Judge Upholds Biden's Eviction Ban
David Yaffe-Bellany Friday, 13 August 2021 12:14 PM
A federal judge in Washington ruled that a temporary U.S. ban on evictions in parts of the country hit hardest by the coronavirus can continue, a major victory for the Biden administration’s efforts to extend protections as the Delta variant spreads.
In a ruling Friday, U.S. District Judge Dabney Friedrich rejected a plea by two landlord groups to block a moratorium by the Centers for Disease Control and Prevention that was set to last until Oct. 3. The decision extends protections against eviction that expired July 31 and were in doubt after the Supreme Court indicated in June that only Congress could continue the policy.
The ruling marks the latest twist in a months-long legal saga over how far the government can go to protect renters from losing their homes because of Covid-19, which has disrupted the economy, cost millions of people their jobs and left many property owners with billions of dollars in lost rental income.
The Biden administration said in an Aug. 6 court filing that an eviction freeze was necessary because “the trajectory of the pandemic has changed dramatically” as virus variants take hold. But tenant delinquencies in June were almost double from before the pandemic, owing about $24 billion, Moody’s Analytics estimates. Even after billions in rental assistance, landlords face a $26.6 billion shortfall, the National Apartment Association said.
In June, the Supreme Court ruled in a narrow 5-4 vote that an earlier version of the moratorium issued by the CDC was legal, after it had been challenged by landlords. But Justice Brett Kavanaugh, who cast the pivotal vote, argued at the time that any extension would require legislative action.
Congress failed to act, so the earlier ban expired. The Biden administration initially expressed reluctance to continue the moratorium, given the likelihood that it would be overturned in the courts.
That view drew widespread criticism from many Democrats who argued that the moratorium was necessary to protect renters as the number of Covid cases started rising again. Representative Cori Bush, a Missouri Democrat, camped outside the Capitol in a sleeping bag to protest the lapse of the moratorium, as renter advocacy groups lobbied the administration to act.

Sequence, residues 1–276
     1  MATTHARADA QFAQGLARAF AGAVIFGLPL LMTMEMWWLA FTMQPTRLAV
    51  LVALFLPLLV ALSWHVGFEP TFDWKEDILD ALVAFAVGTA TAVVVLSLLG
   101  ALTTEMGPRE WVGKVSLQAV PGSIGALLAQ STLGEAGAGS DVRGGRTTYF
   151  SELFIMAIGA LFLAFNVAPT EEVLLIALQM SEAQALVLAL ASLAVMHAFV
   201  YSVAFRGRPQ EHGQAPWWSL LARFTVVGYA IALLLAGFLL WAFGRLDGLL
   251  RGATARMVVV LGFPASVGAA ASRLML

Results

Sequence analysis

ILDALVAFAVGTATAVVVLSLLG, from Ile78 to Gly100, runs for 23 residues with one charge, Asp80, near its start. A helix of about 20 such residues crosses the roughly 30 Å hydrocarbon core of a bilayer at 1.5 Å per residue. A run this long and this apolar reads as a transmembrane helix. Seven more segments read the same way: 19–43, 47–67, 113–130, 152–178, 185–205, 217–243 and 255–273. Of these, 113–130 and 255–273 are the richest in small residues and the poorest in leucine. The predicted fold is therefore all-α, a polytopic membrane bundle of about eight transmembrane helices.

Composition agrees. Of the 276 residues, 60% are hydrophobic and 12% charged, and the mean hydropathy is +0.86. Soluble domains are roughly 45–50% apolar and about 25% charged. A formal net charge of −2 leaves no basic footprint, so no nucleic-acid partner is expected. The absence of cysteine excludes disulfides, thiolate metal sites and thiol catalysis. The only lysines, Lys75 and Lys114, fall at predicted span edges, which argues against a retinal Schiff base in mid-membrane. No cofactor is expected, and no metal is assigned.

On Aug. 3, the CDC issued a new, limited version of the ban that applied only to U.S. counties where the spread of the virus is most severe. The agency said it wanted to buy more time to increase vaccination rates and allow local governments to distribute funds to people who’ve fallen behind on rent.
Congress has granted almost $47 billion in emergency rental assistance, but bureaucratic delays have kept some of that aid from reaching those in need.
The extension was a calculated risk. President Joe Biden acknowledged the legal uncertainty around the new moratorium, telling reporters he wasn’t sure whether it would hold up in court.
A day after the CDC announced the moratorium, two landlord groups — the Alabama Association of Realtors and the Georgia Association of Realtors — challenged it, seizing on Kavanaugh’s argument in the Supreme Court case.
“In substance and effect, the CDC’s latest action is an extension of the same unlawful ban on evictions that has been in effect since September 2020,” the groups said in their lawsuit.
Nationally, 5.6 million renters, or 13% of the total were behind on payments in June, according to Moody’s Analytics estimates.
Collectively, tenants owed about $24 billion in arrears, according to Moody’s, down from a peak of $52.6 billion in January.
While the federal moratorium covers about 90% of U.S. renters, some of the most populous cities and states have passed their own rules to prevent landlords from evicting tenants during the pandemic.